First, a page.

my paycheck. a small price to pay considering the gravity of this issue and potential impact to the health and well being of our students and dedicated employees and i got to tell you i spent all day at a school here and i talked to teachers and staff members getting for the first day of school tomorrow and the sense that i get is they are just exhausted. so much back and forth and sort of politics when they're trying to come back, have a fresh new start after what was a very long year and dealing with the delta variant and a back and forth between the governor and school districts on masks. >> students and staff becoming the political pawns unfortunately. great reporting, as always, thank you. "out front" now the mayor of austin, texas. your school district now is
debating classing starting in eight days and this mask mandate after dallas defied the governor announcing one tomorrow. where do you stand? >> i think kids need to be wearing masks in schools so do teachers. i think we'll all do whatever we can to help make that happen. it's not just austin or dallas. houston may take the same action this week. we have to listen to the doctors and the data, the cdc the american academy of pediatrics, the data and doctors are clear. we need to do what we can and everything we can to keep our kids safe. >> the data may be clear but so is the governor's executive order. for folks at home that may not have seen it, quote, no person may be required by any jurisdiction to wear or mandate the wearing of a face covering. are you concerned about retaliation in the city of austin? >> you know, i think those kind
of concerns always exist but you can't alter the course of action that you have. at the very beginning of this process a year and a half ago, we all pledged, the governor pledged to be guided by the doctors and data but at this point rather than being governed by the data, i think we're being governed by republican donors. we're going to have to do what it is necessary to keep the kids safe. we've already been in court twice with the governor and won it twice at the district court level and weighing in regardless, we need to be doing everything we can to send a really clear message to our community that masking works. it helps keep us safe. it is something we can do and keep our economy open and safe and vibrant but we've got to do at least that. we've got to get people vaccinated. >> have you seen much of a push back to new recommendations for even fully vaccinated people as we know may be time to start masking up indoors?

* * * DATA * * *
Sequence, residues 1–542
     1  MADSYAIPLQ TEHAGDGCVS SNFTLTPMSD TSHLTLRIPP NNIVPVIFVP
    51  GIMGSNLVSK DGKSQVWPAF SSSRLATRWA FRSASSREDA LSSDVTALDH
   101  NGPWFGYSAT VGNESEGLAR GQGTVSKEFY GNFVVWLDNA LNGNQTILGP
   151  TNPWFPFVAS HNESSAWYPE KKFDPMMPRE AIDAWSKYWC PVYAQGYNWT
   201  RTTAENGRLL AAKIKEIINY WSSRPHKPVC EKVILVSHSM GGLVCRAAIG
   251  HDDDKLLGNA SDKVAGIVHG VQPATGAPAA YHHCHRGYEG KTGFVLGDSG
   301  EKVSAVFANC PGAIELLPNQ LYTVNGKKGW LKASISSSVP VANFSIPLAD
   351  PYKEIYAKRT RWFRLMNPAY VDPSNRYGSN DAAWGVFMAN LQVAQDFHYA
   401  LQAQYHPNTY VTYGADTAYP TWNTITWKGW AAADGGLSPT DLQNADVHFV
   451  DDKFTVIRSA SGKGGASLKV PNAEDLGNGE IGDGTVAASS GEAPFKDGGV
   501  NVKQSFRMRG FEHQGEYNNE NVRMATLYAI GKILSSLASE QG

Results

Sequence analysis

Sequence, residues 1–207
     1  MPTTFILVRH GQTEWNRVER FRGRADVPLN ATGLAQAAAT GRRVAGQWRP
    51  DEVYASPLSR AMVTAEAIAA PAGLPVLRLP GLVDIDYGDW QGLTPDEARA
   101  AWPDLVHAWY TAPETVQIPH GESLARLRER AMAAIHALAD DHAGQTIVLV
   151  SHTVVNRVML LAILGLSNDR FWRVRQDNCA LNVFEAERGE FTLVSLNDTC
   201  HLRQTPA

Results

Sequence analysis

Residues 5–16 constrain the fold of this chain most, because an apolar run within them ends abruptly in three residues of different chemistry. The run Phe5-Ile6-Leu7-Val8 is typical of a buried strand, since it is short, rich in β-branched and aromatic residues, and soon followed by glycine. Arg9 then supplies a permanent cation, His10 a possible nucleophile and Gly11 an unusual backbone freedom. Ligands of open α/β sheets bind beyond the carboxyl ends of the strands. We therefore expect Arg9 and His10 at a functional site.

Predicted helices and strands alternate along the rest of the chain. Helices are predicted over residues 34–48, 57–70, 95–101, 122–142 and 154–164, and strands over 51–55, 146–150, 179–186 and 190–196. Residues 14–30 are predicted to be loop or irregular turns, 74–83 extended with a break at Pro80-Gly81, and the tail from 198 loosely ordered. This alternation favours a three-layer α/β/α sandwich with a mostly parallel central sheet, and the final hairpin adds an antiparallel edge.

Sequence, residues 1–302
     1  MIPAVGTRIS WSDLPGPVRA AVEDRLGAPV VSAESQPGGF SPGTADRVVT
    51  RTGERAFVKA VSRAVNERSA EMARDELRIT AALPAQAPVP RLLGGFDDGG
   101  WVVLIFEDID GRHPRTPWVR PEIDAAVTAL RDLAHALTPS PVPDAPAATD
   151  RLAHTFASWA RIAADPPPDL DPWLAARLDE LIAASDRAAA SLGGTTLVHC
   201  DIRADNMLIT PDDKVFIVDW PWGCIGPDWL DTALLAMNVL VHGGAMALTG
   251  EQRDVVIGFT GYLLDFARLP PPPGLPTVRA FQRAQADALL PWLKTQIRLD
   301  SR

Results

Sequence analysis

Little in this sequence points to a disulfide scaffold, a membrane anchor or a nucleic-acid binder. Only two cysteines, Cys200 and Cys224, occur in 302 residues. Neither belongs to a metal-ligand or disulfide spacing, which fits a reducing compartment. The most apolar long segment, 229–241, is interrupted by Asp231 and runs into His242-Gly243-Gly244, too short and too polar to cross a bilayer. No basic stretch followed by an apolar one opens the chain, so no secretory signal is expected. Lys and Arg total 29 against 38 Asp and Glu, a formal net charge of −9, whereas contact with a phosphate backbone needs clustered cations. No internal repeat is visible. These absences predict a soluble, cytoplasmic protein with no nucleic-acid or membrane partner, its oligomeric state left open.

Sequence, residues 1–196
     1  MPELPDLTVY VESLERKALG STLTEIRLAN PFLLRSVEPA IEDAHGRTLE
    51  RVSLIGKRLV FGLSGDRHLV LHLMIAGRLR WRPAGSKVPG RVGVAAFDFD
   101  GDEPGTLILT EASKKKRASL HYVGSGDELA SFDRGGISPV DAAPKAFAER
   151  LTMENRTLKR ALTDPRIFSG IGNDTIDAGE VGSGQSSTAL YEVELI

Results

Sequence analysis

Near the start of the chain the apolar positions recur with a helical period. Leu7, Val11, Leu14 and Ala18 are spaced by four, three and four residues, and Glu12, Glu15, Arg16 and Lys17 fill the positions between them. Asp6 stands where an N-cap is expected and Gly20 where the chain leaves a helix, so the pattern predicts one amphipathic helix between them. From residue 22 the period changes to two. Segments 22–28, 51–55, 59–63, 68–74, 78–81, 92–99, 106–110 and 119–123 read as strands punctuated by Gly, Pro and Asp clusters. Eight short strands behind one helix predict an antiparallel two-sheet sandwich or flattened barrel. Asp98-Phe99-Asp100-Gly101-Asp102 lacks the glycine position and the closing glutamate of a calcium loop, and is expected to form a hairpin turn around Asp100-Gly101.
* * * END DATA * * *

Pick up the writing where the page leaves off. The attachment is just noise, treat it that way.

what are you hearing? >> i think everyone is ready to be done with this. when things opened up and people could take off their mask, i think everybody celebrated that and it's hard to go back and it's an absolute travesty that we're having to do that now. but what people see what is happening in our intensive care units, we're running out of space, people are rallying to the cry. they are doing what it takes for our community to come together to keep people safe and it really does focus right now on our kids in schools. >> you talk about the data. you talked about the limited icu beds. i believe austin area hospitals have i think just six icu beds available. the governor seems to be taking note of that. just a short time ago, he actually asked hospitals to forgo elective surgeries in his words to increase hospital capacity for covid-19 patients. is there a disconnect there? >> there is a disconnect because our hospitals have been pulling
back on discretionary surgeries for sometime now. we're not losing space in our intensive care units to discretionary surgeries. we've been working together as a community to maximize the bed space available. we know our community, which is why local communities need the flexibility to be able to decide what's best for those communities and we're going to push real hard to maintain that liberty and freedom at our local communities. >> given the delta variant, how concerned are you where things could go in your city? >> real concerned about the delta variant. it real clear that it is a meaner, nastier virus. it's adapting that means that we all have to adapt, as well. it is, if you look at the folks in our hospitals right now, almost all of them, 85, 90% of them are people that have not been vaccinated.